Leaders are often called upon to share information with the public, the media, and other stakeholders in the midst of a crisis. This course will help you develop skills in risk communication. You will learn how people perceive risk and how best to frame messages in order to help them cope with emergencies and make informed decisions.
This course is part of the Emergency Preparedness Leadership Series. It is meant to stand alone, but you may also take it together with courses on Managing Change and Decision Making to receive a certificate in Emergency Preparedness Leadership.
- Explain how people gauge risk and how this affects communications during public health emergencies
- Discuss key principles of risk communication for public officials that will help people cope and build trust in your message
- Explain how the timeliness of communications affects credibility
- Describe the elements for initial messages during a crisis
State, local, and tribal public health professionals working in emergency preparedness or emergency management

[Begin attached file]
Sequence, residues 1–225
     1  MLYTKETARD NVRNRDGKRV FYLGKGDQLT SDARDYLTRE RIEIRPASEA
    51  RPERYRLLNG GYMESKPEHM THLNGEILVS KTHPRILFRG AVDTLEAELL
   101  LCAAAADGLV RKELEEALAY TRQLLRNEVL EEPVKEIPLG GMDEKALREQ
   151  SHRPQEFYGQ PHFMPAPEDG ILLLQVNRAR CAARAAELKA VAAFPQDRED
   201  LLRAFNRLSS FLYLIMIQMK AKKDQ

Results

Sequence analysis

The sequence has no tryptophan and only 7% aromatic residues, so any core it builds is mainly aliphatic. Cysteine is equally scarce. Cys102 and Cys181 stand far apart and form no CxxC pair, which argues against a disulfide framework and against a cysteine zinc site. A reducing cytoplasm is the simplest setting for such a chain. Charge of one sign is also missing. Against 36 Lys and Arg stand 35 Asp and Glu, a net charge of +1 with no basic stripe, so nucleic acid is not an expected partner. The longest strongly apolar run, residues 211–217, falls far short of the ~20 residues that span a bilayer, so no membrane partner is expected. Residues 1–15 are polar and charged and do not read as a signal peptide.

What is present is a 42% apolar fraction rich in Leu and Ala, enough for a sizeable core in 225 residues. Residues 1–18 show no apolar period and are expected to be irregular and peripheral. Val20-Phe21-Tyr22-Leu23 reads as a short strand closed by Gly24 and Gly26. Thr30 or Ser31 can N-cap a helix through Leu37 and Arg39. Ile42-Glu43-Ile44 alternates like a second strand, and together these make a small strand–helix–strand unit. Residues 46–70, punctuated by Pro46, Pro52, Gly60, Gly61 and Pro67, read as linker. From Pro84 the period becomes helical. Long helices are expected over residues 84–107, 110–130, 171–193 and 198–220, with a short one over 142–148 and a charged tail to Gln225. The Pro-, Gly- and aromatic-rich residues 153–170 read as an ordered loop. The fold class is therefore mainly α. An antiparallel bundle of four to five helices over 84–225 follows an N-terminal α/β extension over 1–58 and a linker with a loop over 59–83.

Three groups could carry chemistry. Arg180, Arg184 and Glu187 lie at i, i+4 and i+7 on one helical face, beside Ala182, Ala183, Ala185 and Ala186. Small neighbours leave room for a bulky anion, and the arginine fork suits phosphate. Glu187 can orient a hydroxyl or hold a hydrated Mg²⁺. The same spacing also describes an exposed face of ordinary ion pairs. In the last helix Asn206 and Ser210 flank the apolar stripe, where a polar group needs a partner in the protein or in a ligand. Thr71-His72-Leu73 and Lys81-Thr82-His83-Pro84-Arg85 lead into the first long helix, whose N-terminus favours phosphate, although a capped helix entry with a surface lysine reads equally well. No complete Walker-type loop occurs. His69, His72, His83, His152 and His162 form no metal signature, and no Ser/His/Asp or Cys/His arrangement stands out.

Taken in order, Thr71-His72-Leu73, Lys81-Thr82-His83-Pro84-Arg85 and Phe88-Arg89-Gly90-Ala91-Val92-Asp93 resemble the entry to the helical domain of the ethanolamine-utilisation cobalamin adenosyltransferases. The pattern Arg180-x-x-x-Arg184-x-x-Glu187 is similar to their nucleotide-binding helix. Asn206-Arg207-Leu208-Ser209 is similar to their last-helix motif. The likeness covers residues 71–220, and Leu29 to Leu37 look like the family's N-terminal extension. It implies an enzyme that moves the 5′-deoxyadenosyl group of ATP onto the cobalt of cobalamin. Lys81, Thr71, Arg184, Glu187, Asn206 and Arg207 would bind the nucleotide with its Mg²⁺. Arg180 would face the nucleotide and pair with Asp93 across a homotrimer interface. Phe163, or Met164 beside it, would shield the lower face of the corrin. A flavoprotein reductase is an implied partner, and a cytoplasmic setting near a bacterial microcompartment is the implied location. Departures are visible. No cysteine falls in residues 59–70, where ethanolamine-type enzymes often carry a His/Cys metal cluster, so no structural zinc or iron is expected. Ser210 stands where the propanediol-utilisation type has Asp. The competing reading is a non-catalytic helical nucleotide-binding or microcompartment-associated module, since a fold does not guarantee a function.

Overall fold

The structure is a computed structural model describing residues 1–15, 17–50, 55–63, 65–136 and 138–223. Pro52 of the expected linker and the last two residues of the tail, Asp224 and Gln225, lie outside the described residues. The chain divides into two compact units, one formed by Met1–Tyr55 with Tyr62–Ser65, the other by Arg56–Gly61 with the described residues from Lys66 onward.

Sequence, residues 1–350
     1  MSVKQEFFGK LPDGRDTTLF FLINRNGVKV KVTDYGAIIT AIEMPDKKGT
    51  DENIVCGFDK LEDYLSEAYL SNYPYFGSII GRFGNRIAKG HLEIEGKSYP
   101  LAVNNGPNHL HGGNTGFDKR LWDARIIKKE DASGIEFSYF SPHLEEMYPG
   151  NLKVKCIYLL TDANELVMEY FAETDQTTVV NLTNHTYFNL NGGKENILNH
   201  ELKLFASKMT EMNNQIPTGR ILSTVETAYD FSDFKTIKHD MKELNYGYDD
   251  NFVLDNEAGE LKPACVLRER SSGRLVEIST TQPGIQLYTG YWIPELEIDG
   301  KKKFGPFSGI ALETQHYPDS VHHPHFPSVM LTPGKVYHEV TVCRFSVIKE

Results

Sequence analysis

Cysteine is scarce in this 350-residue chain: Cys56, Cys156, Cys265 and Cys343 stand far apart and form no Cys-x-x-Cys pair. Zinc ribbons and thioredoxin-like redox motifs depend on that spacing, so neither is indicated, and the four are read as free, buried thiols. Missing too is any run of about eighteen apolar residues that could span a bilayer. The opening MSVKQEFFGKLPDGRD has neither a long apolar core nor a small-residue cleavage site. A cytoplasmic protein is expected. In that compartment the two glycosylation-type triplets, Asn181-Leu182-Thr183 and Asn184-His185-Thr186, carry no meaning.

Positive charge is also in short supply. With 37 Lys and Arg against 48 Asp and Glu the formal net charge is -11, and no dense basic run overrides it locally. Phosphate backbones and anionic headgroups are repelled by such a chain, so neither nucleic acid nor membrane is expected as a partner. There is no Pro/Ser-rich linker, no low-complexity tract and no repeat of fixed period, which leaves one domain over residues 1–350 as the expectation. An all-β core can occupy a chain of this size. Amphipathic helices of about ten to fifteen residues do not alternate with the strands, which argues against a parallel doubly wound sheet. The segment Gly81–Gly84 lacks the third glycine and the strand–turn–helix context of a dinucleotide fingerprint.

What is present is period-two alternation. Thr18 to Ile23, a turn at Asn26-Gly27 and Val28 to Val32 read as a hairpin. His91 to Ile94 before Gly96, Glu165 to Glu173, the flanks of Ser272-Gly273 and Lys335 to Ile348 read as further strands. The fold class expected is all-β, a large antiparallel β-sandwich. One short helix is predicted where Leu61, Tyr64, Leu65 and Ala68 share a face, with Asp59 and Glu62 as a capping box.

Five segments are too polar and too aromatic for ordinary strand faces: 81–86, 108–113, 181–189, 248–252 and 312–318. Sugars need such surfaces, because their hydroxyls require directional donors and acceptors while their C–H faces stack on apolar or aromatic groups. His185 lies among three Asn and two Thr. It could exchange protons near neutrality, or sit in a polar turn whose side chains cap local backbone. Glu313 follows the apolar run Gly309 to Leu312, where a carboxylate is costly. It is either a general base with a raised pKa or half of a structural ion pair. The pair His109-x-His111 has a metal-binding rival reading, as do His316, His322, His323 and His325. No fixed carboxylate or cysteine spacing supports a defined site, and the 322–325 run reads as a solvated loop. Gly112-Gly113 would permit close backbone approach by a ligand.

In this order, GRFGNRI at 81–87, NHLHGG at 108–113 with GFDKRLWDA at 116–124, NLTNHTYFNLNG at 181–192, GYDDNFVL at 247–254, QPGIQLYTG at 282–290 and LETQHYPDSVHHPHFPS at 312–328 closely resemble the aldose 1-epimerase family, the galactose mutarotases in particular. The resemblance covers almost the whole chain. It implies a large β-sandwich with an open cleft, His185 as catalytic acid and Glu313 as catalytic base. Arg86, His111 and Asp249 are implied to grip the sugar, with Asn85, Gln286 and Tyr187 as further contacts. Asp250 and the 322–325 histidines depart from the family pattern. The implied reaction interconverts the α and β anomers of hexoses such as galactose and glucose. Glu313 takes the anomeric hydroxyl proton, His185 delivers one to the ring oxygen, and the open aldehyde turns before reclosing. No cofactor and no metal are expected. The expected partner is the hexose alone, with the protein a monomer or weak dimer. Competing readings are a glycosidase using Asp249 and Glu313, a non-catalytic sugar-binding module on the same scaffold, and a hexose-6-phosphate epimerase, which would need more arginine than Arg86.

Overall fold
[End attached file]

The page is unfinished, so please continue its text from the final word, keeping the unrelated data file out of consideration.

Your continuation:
Meredith Li-Vollmer, PhD, Public Health - Seattle & King County
This course will take one hour to complete.
This course consists of instructional videos, a quiz, and discussion questions.
This training is being delivered in a 508-compliant interface. During development of this training, we attempted to make the content accessible to individuals using screen readers. If you encounter trouble accessing the instructional materials by screen reader, or need any other accommodations in order to access the instructional materials, please contact NWCPHP, and we will do our best to make sure the content is accessible to you.
This series is based on a previous training developed in partnership with the University of Oklahoma's Southwest Preparedness and Emergency Response Learning Center (PERLC) and offered in spring 2015. Ann Chou, PhD, MPH, and Aaron Wendeloe, PhD, developed key content for that training.